*To*: gottfried.barrow at gmx.com*Subject*: Re: [isabelle] What are the atomic terms in Isabelle/HOL?*From*: Ramana Kumar <rk436 at cam.ac.uk>*Date*: Mon, 4 Jun 2012 16:54:17 +0100*Cc*: cl-isabelle-users at lists.cam.ac.uk*In-reply-to*: <4FCCB56F.6040403@gmx.com>*References*: <4FCC2AE7.5020405@gmx.com> <4FCC4AF9.1060304@in.tum.de> <4FCCB56F.6040403@gmx.com>*Sender*: ramana.kumar at gmail.com

On Mon, Jun 4, 2012 at 2:17 PM, <gottfried.barrow at gmx.com> wrote: > Tobias, > > Thanks. I'm trying to get the vocabulary down. > > Unless you tell me different, I'll conclude that term constants and term > variables are different than type constants and type variables, Correct. > though there might not be such a thing as a "type constant". No, there are type constants. They are also known as "type operators". Every type is either a type variable or a type constant applied to a list of argument types (the list may be empty). > I see (morely clearly now) that you did precede the introduction of > "terms" with introducing "base types", "type constructors", "function > types", and "type variables", though I see no "type constant". > Base types, type constructors, and function types are all kinds of type constants, or can be viewed as such. A base type might be ":bool", the type of propositions, which may be considered as the type constant "bool" applied to no arguments. (Indeed, every type constant has a fixed number, its arity, of arguments it ought to take.) A function type could be thought of a type constant for functions with arity 2 (taking the domain and range types as arguments). I'm not sure what "type constructors" refers to, but probably it's just a synonym for type constants. If I'm getting some details of Isabelle wrong here, I'm sure the list will point it out. I'm speaking primarily from my knowledge of HOL. I know Isabelle also has type classes, which complicates the story a bit, but you haven't mentioned them so I won't say anything further. > > The standard lambda-term definition is straight forward enough, but the > type definition is a little more slippery. Hindley's "Basic Simple Type > Theory" says: > > 2A1 Definition (Types): An infinite sequence of type-variables is > assumed to be given, distinct from term-variables. Types are... > (i) each type-variable is a type (called an atom) > > Somehow, "distinct from term-variables" escaped my attention. Still, > there's only mention of type variables. I should have also looked at > Hindley's "Lambda-Calculus and Combinators": > > Definition 10.1 (Simple types): Assume we have a finite or infinite > sequence of symbols called atomic types; then... > (a) every atomic type is a type; > > "Atomic type" is sufficiently vague to allow for "type constants", and all > sorts of other atomic types. > > By all this it now seems clear to me that atomic types are distinct from > atomic terms. > Indeed all types, atomic or not, are distinct from all terms, atomic or not, in higher-order logic (or "simple type theory"). There are other type theories where this is not true, but again you haven't mentioned them so I'll shut up :) By my reckoning "atomic types" should just be type variables, and possibly also the type constants with arity 0. > > Thanks, > GB > > > On 6/4/2012 12:43 AM, Tobias Nipkow wrote: > > Isabelle's terms are lambda-terms with a type system similar to that of > LCF, ML > > or Haskell. The document Programming and Proving in Isabelle is an > introduction > > to Isabelle, not a definition. Just like most textbooks on functional > > programming it does not start out with the lambda-calculus on page 1. > > > > To answer the question in your title: variables and constants. > > > > Tobias > > > > Am 04/06/2012 05:26, schrieb gottfried.barrow at gmx.com: > >> I'm looking at this sentence in prog-prove.pdf, page 3: > >> > >> Terms are formed as in functional programming by applying > >> functions to arguments. If f is a function of type > >> tau1 => tau2 and t is a term of type tau1, then f t > >> is a term of type tau2. > >> > >> Also, the word "contain" in this sentence on page 4 makes me unsure of > what a > >> term is: > >> > >> Terms may also contain lambda-abstractions. > >> > >> I've looked for other definitions of "term" in the Isabelle docs, but > I'm not > >> sure how constants and variables are used as a part of the definition > of "term". > >> > >> Here are three questions I've asked myself, with my answers in > parentheses. You > >> can correct them if you'd like: > >> > >> 1) Does a term (of Isabelle/HOL) have a type? (obviously yes) > >> 2) Is a term (of Isabelle/HOL) a type? (no) > >> 3) Is a type (of Isabelle/HOL) a term? (no) > >> > >> I'm guessing that one difference between a term and a type is related > to constants. > >> > >> I briefly looked at "3.2.5 Types and terms" in isar-ref.pdf, but I > can't sort > >> that out. > >> > >> In intro.pdf (Old Introduction to Isabelle), page 1, it says: > >> > >> The syntax for terms is summarised below... > >> t :: tau type constraint, on a term or bound variable > >> %x . t abstraction > >> %x1...xn . t curried abstraction, %x1...%xn . t > >> t(u) application > >> t(u1,...,un) curried application, t(u1) ... (un) > >> > >> This indicates that a lambda-abstraction can be a term. > >> > >> In Paulson's "Logic and Computation - Interactive proof with Cambridge > LCF", in > >> "Chapter 5 Syntactic Operations for PP-Lambda", page 142, he says: > >> > >> Terms come in four syntactic classes: constants, variables, > >> abstractions, and combinations (function applications). > >> > >> This is like a lambda-calculus term, so it looks as if Isabelle/HOL > terms may > >> not be limited to function application, but I tend to take things > literally, so > >> when prog-prove.pdf says, "Terms are formed as in functional > programming by > >> applying functions to arguments", that makes me wonder whether a term > is only > >> function application. > >> > >> I'll ask two more questions, in case someone wants to answer them: > >> > >> 1) Is a term (in Isabelle/HOL) function application only? (probably not) > >> 2) To what extent do the concepts in "Part II Cambridge LCF" of > Paulson's "Logic > >> and Computation" apply to Isabelle/HOL? > >> > >> Part I chapters 2, 3, and 4 of "Logic and Computation" look like > something I > >> need to work through for foundational material on HOL. > >> > >> Thanks, > >> GB > > > > > > > >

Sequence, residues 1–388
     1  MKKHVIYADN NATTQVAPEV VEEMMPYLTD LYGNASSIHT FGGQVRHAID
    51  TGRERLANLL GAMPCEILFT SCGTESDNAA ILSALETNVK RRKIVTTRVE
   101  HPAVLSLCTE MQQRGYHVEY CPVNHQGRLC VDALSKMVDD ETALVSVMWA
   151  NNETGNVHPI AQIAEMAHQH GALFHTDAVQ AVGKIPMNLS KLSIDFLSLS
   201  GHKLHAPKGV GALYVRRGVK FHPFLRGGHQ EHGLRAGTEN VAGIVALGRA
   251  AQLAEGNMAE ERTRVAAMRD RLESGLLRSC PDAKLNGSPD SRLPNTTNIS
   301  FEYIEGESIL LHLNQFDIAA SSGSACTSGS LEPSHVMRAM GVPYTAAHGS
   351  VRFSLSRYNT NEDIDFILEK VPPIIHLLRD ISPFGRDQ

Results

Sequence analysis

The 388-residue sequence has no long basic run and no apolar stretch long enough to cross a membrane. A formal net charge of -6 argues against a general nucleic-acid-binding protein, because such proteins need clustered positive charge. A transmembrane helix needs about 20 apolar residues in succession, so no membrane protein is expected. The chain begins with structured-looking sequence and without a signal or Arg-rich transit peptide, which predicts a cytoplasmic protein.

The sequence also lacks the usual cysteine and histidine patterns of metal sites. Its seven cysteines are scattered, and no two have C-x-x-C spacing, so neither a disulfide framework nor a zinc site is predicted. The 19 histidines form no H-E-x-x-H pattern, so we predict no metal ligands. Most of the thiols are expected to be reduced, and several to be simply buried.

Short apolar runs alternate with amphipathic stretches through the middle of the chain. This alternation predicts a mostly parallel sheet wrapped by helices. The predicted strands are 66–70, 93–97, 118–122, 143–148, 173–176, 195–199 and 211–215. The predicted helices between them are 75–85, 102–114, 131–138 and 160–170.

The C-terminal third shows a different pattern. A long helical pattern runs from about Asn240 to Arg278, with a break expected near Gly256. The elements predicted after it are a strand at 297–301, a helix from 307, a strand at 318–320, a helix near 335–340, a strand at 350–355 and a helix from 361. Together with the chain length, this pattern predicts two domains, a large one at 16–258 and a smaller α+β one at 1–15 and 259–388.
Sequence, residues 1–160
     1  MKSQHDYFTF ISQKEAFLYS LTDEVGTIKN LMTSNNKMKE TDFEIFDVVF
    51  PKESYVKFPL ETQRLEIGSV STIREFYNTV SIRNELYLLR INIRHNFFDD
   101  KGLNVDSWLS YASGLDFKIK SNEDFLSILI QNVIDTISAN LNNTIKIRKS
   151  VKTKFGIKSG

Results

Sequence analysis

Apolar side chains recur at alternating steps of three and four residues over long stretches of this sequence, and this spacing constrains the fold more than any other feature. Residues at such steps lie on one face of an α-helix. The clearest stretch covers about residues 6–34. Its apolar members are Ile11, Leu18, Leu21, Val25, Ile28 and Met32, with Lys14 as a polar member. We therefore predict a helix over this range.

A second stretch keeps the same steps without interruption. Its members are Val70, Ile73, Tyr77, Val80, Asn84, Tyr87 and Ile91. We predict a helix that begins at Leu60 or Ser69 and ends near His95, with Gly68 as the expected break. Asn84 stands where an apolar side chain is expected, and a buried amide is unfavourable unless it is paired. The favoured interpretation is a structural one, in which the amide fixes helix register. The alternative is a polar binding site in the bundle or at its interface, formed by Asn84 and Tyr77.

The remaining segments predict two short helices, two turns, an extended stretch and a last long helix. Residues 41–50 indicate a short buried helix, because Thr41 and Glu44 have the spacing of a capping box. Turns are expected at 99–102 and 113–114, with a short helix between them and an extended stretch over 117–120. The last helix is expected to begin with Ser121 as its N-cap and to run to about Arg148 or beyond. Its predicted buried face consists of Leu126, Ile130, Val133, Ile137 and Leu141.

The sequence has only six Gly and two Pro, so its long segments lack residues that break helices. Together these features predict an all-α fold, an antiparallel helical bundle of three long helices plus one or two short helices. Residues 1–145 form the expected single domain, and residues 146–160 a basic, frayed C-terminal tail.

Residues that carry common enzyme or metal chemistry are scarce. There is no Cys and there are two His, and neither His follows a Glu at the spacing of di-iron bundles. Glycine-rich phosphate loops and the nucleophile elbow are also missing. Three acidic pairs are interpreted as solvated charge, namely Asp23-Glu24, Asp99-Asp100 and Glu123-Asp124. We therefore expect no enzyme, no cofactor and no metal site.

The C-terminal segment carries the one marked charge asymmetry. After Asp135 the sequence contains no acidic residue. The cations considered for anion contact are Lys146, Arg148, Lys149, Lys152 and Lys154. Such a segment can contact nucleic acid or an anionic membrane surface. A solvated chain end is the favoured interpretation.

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**Re: [isabelle] What are the atomic terms in Isabelle/HOL?***From:*Tobias Nipkow